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As the World Cup semifinals begin, it's the Fab Four goalkeepers leading the way

Yassine Bounou of Morocco makes a save during the the World Cup quarterfinal between Morocco and Portugal. Goalkeepers have powered the final four teams left in the tournament.
Francois Nel
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Getty Images
Yassine Bounou of Morocco makes a save during the the World Cup quarterfinal between Morocco and Portugal. Goalkeepers have powered the final four teams left in the tournament.

DOHA, Qatar — By many metrics, this World Cup in Qatar has been an all-time great. A global audience again in the billions; roaring crowds in Doha turning stadiums into hazard zones for the ears; matches that astound and confound.

And then there's the metric of Poppy Zizos. She's Briana Scurry's mother-in-law.

"Yes, I married into a family that does not care about soccer at all," Scurry laughingly said, noting the irony that she was the star U.S. national team goalkeeper in 1999, at the most meaningful Women's World Cup in history. "But my mother-in-law and I watched two quarterfinal [matches] the other day, and she absolutely loved it. Which is saying something."

Well Poppy, it's about to get even better.

Doha's final four

The semifinals get underway Tuesday with Argentina taking on Croatia. Wednesday, it's defending champion France against history-making Morocco.

Scurry, who calls this tournament "more like March Madness than any other World Cup I think I've ever seen," notes, like many, Doha's intriguing final four.

"I absolutely love France," Scurry said. "I just love the fact that this team is made up of so many great players that came out of circumstances that were difficult to achieve their dream. I love that about that French team from last time in 2018. It's the same again."

Argentina forward Lionel Messi (R) laughs during a training session at Qatar University in Doha on Dec. 12, 2022, a day before the Argentina's World Cup semifinal match against Croatia.
Juan Mabromata / AFP via Getty Images
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AFP via Getty Images
Argentina forward Lionel Messi (R) laughs during a training session at Qatar University in Doha on Dec. 12, 2022, a day before the Argentina's World Cup semifinal match against Croatia.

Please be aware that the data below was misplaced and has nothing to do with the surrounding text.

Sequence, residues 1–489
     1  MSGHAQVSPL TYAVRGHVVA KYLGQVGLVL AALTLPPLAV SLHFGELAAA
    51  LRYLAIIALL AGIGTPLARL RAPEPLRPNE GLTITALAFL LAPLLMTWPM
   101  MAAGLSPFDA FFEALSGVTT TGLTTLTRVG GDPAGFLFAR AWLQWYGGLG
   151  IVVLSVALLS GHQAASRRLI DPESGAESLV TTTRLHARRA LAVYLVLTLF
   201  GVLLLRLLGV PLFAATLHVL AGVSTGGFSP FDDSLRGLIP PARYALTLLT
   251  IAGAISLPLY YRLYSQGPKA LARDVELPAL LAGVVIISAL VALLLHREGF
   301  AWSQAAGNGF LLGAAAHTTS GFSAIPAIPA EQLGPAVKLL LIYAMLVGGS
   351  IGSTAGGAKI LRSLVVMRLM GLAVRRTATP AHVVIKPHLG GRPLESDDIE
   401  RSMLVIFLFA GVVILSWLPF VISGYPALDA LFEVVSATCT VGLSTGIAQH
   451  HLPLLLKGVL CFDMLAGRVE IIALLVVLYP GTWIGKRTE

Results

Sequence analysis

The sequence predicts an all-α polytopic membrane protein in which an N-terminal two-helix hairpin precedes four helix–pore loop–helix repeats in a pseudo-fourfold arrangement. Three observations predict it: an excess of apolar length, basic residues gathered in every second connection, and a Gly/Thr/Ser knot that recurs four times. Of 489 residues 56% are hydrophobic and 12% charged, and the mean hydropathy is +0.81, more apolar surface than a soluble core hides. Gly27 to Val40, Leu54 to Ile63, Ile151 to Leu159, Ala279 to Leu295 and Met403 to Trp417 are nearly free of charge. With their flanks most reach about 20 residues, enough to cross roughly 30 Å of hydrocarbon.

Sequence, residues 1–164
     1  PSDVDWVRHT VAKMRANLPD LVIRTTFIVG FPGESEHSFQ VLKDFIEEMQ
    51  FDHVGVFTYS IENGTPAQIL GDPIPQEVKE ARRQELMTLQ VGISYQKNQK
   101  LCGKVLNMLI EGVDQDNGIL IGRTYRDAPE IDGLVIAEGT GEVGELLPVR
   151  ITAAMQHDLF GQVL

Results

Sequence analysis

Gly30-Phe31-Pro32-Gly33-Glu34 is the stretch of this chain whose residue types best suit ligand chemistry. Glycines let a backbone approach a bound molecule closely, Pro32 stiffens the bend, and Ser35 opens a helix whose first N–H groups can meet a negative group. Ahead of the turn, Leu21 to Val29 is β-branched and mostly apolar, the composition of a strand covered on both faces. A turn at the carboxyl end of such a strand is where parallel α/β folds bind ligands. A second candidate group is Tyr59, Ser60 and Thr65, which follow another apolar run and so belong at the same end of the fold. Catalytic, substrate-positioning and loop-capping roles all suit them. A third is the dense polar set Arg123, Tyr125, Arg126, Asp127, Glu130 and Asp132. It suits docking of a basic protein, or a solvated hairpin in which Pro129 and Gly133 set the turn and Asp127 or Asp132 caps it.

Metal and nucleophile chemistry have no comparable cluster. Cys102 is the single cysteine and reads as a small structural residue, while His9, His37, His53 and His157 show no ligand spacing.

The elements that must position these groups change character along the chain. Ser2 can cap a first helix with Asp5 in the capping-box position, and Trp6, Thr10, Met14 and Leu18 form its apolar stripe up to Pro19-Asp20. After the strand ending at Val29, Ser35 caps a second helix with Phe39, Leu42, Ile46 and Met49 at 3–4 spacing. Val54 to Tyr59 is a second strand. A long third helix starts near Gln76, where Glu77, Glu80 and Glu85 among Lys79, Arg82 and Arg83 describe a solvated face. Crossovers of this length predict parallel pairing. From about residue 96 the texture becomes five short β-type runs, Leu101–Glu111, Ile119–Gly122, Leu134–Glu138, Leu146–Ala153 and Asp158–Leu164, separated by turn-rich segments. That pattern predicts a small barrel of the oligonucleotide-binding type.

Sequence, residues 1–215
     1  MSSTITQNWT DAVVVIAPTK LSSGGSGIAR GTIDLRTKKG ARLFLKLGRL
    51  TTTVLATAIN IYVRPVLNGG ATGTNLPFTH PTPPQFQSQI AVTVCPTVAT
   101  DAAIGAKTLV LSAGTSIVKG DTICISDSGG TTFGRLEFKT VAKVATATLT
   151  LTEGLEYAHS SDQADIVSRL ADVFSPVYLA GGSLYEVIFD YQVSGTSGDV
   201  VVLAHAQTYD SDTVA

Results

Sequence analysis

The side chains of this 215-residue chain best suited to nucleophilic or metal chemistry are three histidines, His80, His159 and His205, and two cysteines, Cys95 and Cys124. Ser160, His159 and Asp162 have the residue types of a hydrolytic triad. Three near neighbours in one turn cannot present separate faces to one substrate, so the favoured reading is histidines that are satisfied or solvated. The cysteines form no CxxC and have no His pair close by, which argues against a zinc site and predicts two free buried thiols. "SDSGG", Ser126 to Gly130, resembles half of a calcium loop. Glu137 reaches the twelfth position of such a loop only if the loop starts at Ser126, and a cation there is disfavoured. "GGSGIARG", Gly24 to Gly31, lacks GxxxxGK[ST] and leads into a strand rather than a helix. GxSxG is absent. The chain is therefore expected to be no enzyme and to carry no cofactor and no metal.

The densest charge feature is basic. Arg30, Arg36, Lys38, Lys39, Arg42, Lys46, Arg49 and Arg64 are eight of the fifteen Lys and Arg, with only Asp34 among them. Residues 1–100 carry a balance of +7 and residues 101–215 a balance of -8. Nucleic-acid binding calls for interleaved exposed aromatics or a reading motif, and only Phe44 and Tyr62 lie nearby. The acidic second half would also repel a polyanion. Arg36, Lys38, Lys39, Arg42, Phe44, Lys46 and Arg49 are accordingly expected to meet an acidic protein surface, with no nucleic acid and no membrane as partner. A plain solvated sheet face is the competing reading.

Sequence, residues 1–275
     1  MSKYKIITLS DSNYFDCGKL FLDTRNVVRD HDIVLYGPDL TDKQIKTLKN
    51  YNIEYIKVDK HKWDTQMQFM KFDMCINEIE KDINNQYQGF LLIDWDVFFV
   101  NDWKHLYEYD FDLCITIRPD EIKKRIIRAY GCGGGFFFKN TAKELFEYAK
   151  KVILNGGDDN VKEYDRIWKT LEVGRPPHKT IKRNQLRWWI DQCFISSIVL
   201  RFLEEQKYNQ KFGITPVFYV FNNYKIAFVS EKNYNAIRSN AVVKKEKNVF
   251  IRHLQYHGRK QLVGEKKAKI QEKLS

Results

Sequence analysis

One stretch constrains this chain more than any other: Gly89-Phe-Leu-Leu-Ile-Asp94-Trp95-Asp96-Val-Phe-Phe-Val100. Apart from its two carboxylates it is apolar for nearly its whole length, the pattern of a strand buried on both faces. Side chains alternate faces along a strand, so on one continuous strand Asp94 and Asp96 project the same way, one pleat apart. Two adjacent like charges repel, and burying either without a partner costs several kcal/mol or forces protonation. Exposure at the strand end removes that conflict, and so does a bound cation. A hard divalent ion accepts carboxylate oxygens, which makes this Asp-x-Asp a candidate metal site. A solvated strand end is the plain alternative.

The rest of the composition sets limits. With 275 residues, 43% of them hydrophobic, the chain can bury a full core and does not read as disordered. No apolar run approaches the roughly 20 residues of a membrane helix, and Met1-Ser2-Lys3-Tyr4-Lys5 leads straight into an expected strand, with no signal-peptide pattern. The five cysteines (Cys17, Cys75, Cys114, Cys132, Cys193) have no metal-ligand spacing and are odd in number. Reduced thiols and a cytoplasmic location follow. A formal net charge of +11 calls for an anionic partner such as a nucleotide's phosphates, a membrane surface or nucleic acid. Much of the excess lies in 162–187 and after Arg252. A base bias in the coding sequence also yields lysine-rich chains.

But Scurry, like so many others not from the countries involved, can find a rooting case for each.

"You know my heart is also going with Argentina," she said, "because [superstar forward Lionel] Messi is absolutely outstanding and it would be really nice for him to get a World Cup championship. But, I tell you what, the goalkeeping has been phenomenal for Morocco and the way they play is astonishing."

And then Croatia, the runner up to France at the last World Cup and a team filled with players who've embraced a fighting persona.

But there's not only a rooting case for each semifinalist. There's also a case to be made for all four teams to win two more matches and become World Cup champs.

Tested, fighting, confident ... and Rocky

Let's start with Tuesday's match.

Argentina is tested. There was the must-win game against Mexico in the group stage, that Argentina won. Thrillingly, with their talisman Messi blasting in what turned out to be the winning goal. Since then, life for the Argentines has been on the edge, at times, no more so than against the Netherlands in a physical and foul-filled quarterfinal match, that saw Argentina give up a late 2-0 lead but still prevail in a dramatic penalty kick shootout.

Tested.

Croatia, the aforementioned fighters, took down tournament favorite Brazil in a match where the Croatian players, yes, fought their way through another grueling extra time period and shootout. Five of Croatia's last six World Cup knockout-stage matches have gone into extra time.

They control the midfield, play hard-nosed defense, and dare you to outlast them.

France increasingly looks like a team comfortable with winning. Yes, they have the sublime Kylian Mbappé storming down the field's left side, displaying his goal-scoring prowess five times in the tournament – he leads the individual scoring race. But even when Mbappé is largely contained, as he was in the quarterfinal match against England, France still wins.